The Commission’s broad new approach to Section 5 outlined in the Statement is of no surprise given recent commentary. It describes “the most significant general principles” the FTC will use to determine whether conduct will fall under the scope of Section 5. First, the conduct must be a “method of competition” that is “conduct undertaken by an actor in the marketplace” – as opposed to a marketplace condition such as high concentration that is not due to the actor’s conduct – that implicates competition. The Commission further notes that conduct that only indirectly implicates competition may nevertheless be prohibited by Section 5. Second, the conduct must be unfair, meaning that “the conduct goes beyond competition on the merits.” To evaluate this, the Commission will consider two key criteria: (1) whether the conduct is “coercive, exploitative, collusive, abusive, deceptive, predatory, or involve[s] the use of economic power of a similar nature...[or is] otherwise restrictive or exclusionary”; and (2) whether the conduct “tend[s] to negatively affect competitive conditions.” The Commission will weigh these criteria on a sliding scale, taking into account the size, power, and purpose of the actor, as well as the current and potential future effects. Consistent with the Commission’s recently announced strategic goals and objectives, it will look at the conduct’s tendency to negatively affect consumers, workers, and other market participants. This inquiry does not require proof of actual harm. Rather, the FTC will investigate whether conduct has a tendency to reduce the likelihood of potential or nascent competition.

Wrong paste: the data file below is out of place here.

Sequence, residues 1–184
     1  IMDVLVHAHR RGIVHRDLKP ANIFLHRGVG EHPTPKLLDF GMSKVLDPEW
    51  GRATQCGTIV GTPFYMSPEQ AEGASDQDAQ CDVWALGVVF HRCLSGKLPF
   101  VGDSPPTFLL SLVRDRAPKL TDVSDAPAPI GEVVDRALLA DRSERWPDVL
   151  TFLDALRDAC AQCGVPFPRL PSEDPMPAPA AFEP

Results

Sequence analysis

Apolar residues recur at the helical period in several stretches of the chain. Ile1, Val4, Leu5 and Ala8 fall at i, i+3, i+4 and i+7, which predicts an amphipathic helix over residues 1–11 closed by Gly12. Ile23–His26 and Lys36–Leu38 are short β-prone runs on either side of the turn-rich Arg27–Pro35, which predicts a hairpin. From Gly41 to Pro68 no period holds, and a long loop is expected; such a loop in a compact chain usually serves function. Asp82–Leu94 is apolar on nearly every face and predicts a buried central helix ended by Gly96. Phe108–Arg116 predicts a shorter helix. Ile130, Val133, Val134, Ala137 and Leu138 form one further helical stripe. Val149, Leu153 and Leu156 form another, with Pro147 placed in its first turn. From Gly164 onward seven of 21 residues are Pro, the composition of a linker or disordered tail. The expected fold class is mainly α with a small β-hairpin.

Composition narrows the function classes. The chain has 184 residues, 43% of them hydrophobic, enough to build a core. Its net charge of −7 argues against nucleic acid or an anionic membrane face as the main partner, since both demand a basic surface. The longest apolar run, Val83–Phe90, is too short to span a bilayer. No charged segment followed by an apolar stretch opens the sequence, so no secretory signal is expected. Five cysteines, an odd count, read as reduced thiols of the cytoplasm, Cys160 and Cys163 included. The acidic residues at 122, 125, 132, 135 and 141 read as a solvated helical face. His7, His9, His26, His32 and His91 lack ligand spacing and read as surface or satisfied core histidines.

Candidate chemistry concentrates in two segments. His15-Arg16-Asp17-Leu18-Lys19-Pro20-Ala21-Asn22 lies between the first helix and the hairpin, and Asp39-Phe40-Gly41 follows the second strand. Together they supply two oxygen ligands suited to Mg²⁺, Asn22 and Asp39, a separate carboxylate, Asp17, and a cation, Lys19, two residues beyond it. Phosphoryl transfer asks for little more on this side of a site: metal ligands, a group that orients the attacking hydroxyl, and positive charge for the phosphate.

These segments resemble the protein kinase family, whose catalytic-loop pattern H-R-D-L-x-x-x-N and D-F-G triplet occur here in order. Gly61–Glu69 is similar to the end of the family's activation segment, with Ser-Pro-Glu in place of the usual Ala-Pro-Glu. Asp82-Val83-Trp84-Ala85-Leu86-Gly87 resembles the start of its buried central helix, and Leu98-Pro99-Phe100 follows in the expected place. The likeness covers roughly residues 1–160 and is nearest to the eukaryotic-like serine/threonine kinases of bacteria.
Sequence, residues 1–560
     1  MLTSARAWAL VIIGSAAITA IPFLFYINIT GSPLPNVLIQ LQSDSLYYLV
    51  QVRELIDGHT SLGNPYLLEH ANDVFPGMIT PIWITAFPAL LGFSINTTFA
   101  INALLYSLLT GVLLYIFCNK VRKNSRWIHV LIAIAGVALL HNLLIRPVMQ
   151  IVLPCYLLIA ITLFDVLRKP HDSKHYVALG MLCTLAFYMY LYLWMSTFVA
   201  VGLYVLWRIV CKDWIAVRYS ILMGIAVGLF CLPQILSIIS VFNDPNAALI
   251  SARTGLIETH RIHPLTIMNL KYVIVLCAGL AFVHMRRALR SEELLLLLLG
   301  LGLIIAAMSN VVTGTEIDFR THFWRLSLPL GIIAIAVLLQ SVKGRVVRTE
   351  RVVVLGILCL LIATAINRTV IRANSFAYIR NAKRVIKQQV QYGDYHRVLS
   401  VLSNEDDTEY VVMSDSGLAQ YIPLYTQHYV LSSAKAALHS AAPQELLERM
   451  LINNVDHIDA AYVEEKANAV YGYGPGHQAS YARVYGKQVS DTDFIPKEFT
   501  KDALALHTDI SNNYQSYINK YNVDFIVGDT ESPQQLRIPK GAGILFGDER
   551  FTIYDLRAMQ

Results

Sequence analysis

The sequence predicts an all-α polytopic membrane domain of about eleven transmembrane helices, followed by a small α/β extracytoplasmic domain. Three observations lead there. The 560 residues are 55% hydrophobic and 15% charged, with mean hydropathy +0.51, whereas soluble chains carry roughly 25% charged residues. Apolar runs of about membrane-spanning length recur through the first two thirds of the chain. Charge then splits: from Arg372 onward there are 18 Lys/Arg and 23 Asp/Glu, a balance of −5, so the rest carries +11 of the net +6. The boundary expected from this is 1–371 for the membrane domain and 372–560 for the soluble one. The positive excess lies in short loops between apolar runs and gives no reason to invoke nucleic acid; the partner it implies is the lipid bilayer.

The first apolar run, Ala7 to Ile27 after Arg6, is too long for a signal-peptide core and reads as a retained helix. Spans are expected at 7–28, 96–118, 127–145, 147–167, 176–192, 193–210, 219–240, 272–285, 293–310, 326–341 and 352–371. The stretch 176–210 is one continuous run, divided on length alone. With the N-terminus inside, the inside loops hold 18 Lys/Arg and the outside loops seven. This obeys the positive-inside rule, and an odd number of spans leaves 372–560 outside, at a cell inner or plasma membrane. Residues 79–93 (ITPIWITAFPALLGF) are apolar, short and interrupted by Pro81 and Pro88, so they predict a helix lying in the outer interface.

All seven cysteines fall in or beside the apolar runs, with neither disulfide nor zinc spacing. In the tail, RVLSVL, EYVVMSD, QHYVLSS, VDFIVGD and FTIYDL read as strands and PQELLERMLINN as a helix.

The Statement also addresses whether certain purported justifications by alleged violators may constitute affirmative defenses to Section 5. The Commission first concludes that it would be contrary to Section 5 to justify facially unfair conduct on the grounds that it provides the actor with pecuniary benefits. At the same time, where there are purported benefits to market participants, these may be relevant even if the harmed party also shares in such benefits. Further, certain established limitations on antitrust defenses still apply, such as that it is the party’s burden to show that the justification is legally cognizable and non-pretextual, that any restriction is narrowly tailored to limit adverse impacts on competition, and that the asserted benefits are not outside the market where the harm occurred. The party will still have the burden to show that the asserted benefits outweigh the harm and are the kind recognized by previous stand-alone Section 5 cases.
Finally, the Commission provided a nonexclusive list of broad examples of unfair methods of competition:
- Practices deemed to violate the Sherman and Clayton Acts (the antitrust laws);
- Incipient violations of the antitrust laws; and
- Conduct that violates the spirit of the antitrust laws.
Additional examples can be found in the Statement, but the Commission’s broad examples fail to provide specific guidance on what conduct will be in bounds versus out of bounds of Section 5, leaving businesses without a compass to navigate the new framework.